Prepositional phrases with ‘time’

Mark arrived on time. Or was it in time? At time???

The use of prepositions in English can be quite confusing to native speakers of other languages. Prepositional phrases can be even trickier because they seem to have a special logic of their own; one needs to learn them one at a time, understanding the exact meaning of each phrase. In this post we’ll look into some of the common prepositional phrases with the noun time.


To be / arrive / come somewhere on time suggests a particular time and punctuality. Think of it in terms of appointments, timetables, schedules… If something is on time, it means it isn’t late. It goes according to plan, and there’s no sense of rush or hurry.

The coach is set to arrive on time at 17:45. (i.e. It will arrive by that time, it isn’t expected to be late.)

I finished my homework on time. (i.e. I wasn’t late with my homework, I met the deadline quite comfortably.)


In time refers to or implies another event, and so this phrase is often followed by for. It implies tardiness (lateness), i.e. that something is being done at the very last moment, with very little or insufficient time between the two activities / events:

I arrived in time for the exam. (If I’d arrived a minute later, I would’ve been too late.)

I finished my homework in time. (I did it just before the implied deadline.)

It can also be followed by the infinitive of purpose:

I managed to get back to the office just in time to meet the new clients. (Had I arrived a minute or two later, I would’ve missed them.)

There are also phrases where there’s another word (adjective) inserted between ‘in’ and ‘time’, such as:

  • in due time = eventually, when ready:

I will finish my studies in due time.

  • in good time = early enough; not late

I arrived at the meeting in good time.

AT + […] + TIME

What about at time? The combination of at + time does exist, and it’s very productive, but never in that form – you need to add other words or change the form slightly to make these phrases. These are all set phrases, meaning that the use of articles or singular / plural doesn’t change depending on how your sentence goes:

  • at the time (= during some past period)

He lived in France in the 1990s. He worked as a translator at the time.

  • at the present time (= now, currently, at the moment; note that this phrase can sound odd, as it’s enough to say “at present”)

At the present time, he is working as a teacher.

  • at the right time (= perfect time, moment, opportunity for something; often used as part of the longer phrase: ‘in the right place at the right time’)

I got my new job almost by accident. I just happened to be in the right place at the right time.

  • at any time (= possibly very soon, but the exact time is unknown; DON’T confuse it with ‘any time’ and ‘anytime’, as they are used differently)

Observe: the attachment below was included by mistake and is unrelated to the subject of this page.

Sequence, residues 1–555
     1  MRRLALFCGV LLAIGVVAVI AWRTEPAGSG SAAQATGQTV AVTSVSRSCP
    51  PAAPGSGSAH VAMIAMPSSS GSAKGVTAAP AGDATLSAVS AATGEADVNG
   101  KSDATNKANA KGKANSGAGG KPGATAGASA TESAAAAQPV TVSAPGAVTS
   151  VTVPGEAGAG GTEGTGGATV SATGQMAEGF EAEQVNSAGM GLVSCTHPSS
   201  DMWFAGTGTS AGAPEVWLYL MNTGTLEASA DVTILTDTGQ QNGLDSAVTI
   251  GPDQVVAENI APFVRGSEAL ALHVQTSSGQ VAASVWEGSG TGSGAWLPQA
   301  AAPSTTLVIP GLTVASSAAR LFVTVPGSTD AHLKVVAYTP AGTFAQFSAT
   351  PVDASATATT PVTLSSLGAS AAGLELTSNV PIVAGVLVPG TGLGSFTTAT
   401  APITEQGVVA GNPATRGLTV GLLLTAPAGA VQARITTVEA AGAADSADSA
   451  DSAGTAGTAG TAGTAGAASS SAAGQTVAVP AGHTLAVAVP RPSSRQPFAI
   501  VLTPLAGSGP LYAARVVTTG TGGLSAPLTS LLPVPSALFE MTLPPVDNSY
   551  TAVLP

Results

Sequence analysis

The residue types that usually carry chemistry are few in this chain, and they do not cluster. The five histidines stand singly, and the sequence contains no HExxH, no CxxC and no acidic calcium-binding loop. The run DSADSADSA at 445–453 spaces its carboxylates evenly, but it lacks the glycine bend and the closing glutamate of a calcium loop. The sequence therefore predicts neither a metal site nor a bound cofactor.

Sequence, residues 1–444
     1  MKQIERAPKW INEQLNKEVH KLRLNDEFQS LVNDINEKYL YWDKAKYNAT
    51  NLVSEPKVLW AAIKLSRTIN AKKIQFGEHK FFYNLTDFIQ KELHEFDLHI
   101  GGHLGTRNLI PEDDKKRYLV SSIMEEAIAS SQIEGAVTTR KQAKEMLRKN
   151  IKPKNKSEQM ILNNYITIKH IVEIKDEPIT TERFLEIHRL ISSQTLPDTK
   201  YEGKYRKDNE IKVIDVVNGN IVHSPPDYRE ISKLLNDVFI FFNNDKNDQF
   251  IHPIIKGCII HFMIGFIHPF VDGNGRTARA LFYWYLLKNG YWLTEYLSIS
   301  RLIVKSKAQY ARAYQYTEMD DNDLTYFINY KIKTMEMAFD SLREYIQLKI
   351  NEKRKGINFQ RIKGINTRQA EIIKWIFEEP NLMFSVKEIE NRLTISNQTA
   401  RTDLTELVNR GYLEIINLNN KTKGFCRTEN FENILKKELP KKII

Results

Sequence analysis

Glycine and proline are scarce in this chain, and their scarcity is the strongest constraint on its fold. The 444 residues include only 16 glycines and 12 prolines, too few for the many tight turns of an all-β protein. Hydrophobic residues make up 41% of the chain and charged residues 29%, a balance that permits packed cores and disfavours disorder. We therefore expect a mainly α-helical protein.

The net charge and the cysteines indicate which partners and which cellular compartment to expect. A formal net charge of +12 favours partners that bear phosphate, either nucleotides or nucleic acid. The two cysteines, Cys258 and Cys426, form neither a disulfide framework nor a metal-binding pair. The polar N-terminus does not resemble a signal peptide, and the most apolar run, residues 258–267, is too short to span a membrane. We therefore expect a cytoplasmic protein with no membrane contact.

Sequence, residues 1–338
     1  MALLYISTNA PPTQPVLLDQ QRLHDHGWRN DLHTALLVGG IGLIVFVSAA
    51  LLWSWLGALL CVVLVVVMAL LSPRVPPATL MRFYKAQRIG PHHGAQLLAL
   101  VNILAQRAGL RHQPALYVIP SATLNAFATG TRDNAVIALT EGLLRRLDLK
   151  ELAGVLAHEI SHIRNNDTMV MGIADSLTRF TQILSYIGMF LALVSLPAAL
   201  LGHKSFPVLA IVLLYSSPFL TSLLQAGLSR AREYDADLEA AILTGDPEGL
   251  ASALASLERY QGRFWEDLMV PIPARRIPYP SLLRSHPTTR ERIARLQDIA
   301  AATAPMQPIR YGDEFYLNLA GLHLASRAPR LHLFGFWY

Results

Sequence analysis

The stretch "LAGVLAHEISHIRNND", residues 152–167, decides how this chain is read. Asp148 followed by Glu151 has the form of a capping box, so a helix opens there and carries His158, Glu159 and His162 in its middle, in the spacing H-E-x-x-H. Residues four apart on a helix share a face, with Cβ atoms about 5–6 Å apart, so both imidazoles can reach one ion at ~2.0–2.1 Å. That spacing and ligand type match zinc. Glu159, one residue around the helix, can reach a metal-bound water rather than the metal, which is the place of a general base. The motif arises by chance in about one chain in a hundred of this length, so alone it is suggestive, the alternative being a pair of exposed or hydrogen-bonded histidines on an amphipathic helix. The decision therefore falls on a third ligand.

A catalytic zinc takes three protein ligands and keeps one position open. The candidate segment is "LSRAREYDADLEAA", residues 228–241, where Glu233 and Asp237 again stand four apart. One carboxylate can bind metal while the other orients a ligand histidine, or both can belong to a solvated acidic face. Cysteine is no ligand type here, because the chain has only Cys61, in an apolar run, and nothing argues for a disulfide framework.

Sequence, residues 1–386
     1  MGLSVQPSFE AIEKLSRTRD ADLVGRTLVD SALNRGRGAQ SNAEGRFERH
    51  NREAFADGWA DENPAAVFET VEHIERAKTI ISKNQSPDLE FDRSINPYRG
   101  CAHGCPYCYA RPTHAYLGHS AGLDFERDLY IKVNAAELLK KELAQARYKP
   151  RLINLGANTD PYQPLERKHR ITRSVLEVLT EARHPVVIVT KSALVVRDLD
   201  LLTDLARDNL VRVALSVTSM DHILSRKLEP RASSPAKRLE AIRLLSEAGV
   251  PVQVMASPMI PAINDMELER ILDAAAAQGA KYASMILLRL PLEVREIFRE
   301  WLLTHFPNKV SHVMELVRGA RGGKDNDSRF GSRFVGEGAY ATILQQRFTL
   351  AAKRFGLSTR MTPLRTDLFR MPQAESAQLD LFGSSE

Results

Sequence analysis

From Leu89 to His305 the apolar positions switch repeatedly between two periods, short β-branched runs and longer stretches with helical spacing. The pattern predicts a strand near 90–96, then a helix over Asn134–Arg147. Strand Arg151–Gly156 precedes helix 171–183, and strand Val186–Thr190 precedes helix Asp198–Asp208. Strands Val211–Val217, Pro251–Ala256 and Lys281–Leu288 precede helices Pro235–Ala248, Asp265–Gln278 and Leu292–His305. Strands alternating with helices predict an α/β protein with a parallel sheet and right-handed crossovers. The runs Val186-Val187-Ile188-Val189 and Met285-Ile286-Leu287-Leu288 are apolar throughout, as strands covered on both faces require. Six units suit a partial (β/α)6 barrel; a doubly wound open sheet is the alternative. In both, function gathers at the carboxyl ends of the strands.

My phone battery could die at any time

Also, note these two common phrases with the noun ‘time’ in plural:

  • at times (= sometimes, occasionally)

While he was working abroad, he would feel homesick at times.

  • at all times (= always, constantly)

You should carry your ID card at all times.

There are also many phrases with the following structure: at + indefinite article + adjective + time:

  • at a bad time (= inconvenient time)

I’m sorry, I can’t talk with you right now. You’ve caught me at a bad time. (i.e. I’m busy doing something else.)

  • at an appropriate time (= at some point, when the time is right. This is a very vague expression: we don’t know or we don’t want to say when something will happen.)

We’ll contact you about your job application at an appropriate time.


This prepositional phrase implies gradual change, or something happening / progressing over a period of time:

If you practice regularly, your language skills will improve with time.


The meaning of this one is similar to ‘with time’ above; it implies a long period of time. Don’t confuse it with the noun ‘overtime’, which means something totally different.

Many important things happened to me over time.


‘About time’ is used for something happening now, or about to happen, that should have already happened; it should’ve been done and finished by now. It is followed by verb(s) in the Past Simple tense.

It’s about time I tidied my room. (i.e. I should have tidied it days ago, and now I really need to do it.)

I hope this clears up at least some of the confusion! The best way to learn all these phrases is by using them in your own context. Think about the situations when you were (or weren’t) somewhere on time / in time. What do you like doing at times? Make a few predictions about what might happen over time. It’s always a good idea to write down any such examples, so you have them for future reference – you are also welcome to share them in the comments section below.

Finally, you can also do this multiple-choice grammar quiz that I’ve created for this post.

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